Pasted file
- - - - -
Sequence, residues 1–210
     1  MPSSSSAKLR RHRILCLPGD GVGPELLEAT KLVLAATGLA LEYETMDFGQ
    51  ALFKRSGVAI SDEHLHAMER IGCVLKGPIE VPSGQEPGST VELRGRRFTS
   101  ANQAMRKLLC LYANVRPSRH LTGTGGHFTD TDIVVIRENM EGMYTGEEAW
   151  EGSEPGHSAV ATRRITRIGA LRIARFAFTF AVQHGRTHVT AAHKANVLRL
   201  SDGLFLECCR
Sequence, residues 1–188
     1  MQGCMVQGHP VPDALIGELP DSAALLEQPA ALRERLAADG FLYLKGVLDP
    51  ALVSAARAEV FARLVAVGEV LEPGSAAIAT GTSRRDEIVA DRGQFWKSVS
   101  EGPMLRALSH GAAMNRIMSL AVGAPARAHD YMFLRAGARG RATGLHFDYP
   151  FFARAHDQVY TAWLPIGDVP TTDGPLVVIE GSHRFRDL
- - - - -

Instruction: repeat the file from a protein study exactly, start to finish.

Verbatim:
Sequence, residues 1–210
     1  MPSSSSAKLR RHRILCLPGD GVGPELLEAT KLVLAATGLA LEYETMDFGQ
    51  ALFKRSGVAI SDEHLHAMER IGCVLKGPIE VPSGQEPGST VELRGRRFTS
   101  ANQAMRKLLC LYANVRPSRH LTGTGGHFTD TDIVVIRENM EGMYTGEEAW
   151  EGSEPGHSAV ATRRITRIGA LRIARFAFTF AVQHGRTHVT AAHKANVLRL
   201  SDGLFLECCR
Sequence, residues 1–188
     1  MQGCMVQGHP VPDALIGELP DSAALLEQPA ALRERLAADG FLYLKGVLDP
    51  ALVSAARAEV FARLVAVGEV LEPGSAAIAT GTSRRDEIVA DRGQFWKSVS
   101  EGPMLRALSH GAAMNRIMSL AVGAPARAHD YMFLRAGARG RATGLHFDYP
   151  FFARAHDQVY TAWLPIGDVP TTDGPLVVIE GSHRFRDL